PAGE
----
For those unaware ..... Bill Olsen was involved with the TL composite materials and Chris Smith from Northwest Labs had also developed their own composites .... made for good listening and viewing.
  18. A block of polypropylene is heated with the polypropylene shell separately in the oven and then they are pressed together in the vacuum press. Actually, this a very tricky business, that I have never done myself, and which took the lab a few years to perfect. This "welding" process produces a seamless polypropylene to polypropylene rearfoot post. It looks like the orthosis is all made out of one block of polyproylene with no demarcation evident between rearfoot post and shell.

    The orthoses I currently wear are a pair of polypropylene orthoses with polypropylene rearfoot posts that were made in May 1989. I have worn these orthoses on a daily basis at work and at home for nearly 17 years and they still fit the positive casts like they were pressed yesterday. Pretty amazing stuff that polypropylene....no matter what others say about it.
  19. javier

    javier Senior Member

    It can be done also by direct milling from a block of polypropylene.

    Polypropylene's performance depends on different variables:

    - Heating temperature
    - Vacuum process
    - Intrinsic properties (homopolymer or copolymer polypropylene)
    - Thickness
    - Patient weight and activity

    It seems that choice of orthotic materials is a common topic of discussion among podiatrists worldwide. But, nobody can give accurate data about one material superiority to other. Orthotic achievement depends on other matters. Material choice depends on the podiatrist preferences.
  20. How deep of a heel cup can be made by direct milling of a polypropylene block? It seems that most direct milling processes can go to about a 14 mm heel cup height but can't go to a 18 mm heel cup height nicely due to the verticality of the heel cup at that heel cup height. I'm sure technology will improve this with time.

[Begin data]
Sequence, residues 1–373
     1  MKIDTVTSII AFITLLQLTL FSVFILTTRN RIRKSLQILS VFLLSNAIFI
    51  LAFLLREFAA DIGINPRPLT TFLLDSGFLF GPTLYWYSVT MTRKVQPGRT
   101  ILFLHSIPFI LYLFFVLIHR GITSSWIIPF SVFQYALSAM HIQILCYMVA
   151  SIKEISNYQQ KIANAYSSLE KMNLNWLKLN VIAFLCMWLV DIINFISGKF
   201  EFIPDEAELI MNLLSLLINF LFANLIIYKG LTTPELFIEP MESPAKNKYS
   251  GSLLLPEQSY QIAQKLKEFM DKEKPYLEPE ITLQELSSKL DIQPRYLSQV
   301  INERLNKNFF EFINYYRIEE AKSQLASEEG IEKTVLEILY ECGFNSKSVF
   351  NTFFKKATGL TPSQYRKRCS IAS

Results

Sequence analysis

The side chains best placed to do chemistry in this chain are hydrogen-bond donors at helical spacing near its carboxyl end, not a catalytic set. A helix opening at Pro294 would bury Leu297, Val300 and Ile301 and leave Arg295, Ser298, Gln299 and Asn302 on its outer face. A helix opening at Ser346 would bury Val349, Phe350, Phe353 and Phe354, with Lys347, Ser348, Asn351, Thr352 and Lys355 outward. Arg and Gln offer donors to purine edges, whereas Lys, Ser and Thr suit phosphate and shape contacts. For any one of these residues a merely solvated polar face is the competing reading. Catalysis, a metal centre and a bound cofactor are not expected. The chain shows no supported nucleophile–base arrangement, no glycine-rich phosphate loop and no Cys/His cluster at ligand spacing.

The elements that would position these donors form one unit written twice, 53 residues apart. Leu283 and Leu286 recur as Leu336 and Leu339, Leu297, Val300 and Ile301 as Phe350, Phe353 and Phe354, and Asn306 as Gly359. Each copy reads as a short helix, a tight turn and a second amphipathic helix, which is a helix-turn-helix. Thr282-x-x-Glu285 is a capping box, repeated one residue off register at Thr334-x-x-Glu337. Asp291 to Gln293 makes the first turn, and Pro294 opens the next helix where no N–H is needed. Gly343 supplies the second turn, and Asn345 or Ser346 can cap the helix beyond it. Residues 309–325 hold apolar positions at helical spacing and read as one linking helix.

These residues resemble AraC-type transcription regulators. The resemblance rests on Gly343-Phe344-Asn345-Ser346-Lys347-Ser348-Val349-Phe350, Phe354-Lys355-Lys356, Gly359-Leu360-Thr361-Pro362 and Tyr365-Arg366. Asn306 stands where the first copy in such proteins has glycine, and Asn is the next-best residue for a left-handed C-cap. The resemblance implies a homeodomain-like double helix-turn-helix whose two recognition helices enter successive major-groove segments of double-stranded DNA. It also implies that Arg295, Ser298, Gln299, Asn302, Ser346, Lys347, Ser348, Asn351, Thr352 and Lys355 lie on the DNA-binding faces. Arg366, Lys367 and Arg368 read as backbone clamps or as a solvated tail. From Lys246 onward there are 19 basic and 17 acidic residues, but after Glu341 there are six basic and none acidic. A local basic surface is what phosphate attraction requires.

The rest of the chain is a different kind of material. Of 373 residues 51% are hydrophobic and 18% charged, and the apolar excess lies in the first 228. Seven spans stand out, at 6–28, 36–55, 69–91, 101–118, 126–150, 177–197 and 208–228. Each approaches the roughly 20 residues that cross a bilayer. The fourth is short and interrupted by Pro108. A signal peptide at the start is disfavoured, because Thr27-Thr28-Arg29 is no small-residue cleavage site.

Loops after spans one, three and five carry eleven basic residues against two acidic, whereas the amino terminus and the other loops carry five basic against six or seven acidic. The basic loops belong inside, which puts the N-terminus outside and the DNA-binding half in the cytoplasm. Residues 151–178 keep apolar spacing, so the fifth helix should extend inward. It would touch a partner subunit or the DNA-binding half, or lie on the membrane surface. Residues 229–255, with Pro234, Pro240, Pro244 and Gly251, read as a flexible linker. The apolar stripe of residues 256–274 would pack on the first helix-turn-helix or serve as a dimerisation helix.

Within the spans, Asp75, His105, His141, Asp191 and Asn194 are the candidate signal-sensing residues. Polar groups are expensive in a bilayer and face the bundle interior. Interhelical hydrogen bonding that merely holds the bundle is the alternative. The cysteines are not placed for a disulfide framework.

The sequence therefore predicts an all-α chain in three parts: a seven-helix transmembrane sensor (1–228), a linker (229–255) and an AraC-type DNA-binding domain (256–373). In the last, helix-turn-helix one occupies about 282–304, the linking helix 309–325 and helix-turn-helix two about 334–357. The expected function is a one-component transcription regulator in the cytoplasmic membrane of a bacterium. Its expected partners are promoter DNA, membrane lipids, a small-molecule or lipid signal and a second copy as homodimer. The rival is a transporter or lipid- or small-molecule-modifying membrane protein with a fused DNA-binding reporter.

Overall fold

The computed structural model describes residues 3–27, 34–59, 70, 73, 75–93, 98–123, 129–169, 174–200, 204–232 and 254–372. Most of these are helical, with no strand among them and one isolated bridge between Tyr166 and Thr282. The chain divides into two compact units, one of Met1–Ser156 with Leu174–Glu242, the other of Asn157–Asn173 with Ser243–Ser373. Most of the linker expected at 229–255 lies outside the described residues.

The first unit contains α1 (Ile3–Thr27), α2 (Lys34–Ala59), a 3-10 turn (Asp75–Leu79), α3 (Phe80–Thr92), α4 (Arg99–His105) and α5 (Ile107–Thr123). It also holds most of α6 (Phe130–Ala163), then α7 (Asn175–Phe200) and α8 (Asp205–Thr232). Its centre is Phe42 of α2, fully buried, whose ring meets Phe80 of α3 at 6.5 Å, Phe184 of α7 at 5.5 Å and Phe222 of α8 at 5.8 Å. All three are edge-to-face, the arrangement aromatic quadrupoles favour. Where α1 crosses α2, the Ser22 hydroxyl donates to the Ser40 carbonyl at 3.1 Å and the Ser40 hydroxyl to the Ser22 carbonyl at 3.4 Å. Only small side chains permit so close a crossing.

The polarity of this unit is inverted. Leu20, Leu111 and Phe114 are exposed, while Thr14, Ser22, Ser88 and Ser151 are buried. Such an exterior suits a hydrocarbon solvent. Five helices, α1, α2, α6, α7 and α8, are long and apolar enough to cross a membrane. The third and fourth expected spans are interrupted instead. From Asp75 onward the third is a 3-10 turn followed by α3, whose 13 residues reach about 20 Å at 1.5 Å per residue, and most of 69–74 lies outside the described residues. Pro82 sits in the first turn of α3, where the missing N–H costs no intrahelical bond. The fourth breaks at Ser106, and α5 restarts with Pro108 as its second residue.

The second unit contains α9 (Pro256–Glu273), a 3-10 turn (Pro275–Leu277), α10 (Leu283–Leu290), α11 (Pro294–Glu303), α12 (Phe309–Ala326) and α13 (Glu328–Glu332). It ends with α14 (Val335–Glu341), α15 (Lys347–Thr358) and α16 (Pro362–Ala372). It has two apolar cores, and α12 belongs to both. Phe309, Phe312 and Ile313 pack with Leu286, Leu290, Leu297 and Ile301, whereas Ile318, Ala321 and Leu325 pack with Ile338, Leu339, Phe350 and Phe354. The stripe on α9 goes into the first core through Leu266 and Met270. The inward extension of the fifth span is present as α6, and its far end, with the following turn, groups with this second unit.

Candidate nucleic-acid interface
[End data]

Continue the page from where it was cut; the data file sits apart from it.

21. Kevin,
    18-20mm heights are very achievable when millling orthoses (with as you suggest, the right technology) and when even when incorporating a large lateral flange on a device I have milled up to 30mm.

    Phillip Hartshorne
  22. Dantastic

    Dantastic Active Member

    Its great that they have lasted so long and kept the same shape, but if you were to take positive casts today would they still fit? I mean, would the foot not change over such a long period of time? :confused:
  23. The foot may or may not change over time, depending on the individual. So far, they still work well for me, which is all I care about. If they weren't working well for me, I would have new casts made.
  24. Very impressive. Are the costs of the orthoses comparable considering the investment in equipment required?

  25. Kevin,
    The cost of a pair of orthoses is $95 (Australian dollars) + coverings, ie for a vinyl shell length cover add $2. With your US dollar being a little stonger than the Aussie dollar at the moment it would cost you about US$65-70.

    There maybe a bit of an extra cost to ship to and from the USA, but I imagine that those costs/time would quickly be absorbed from the USA to Australia route when you purchase a 3D scanner.

    I know CP hasn't stopped thinking about the scanner with its time savings and overall cost savings, since he had to compete with me on the trade display next to me at New Zealand last year. :D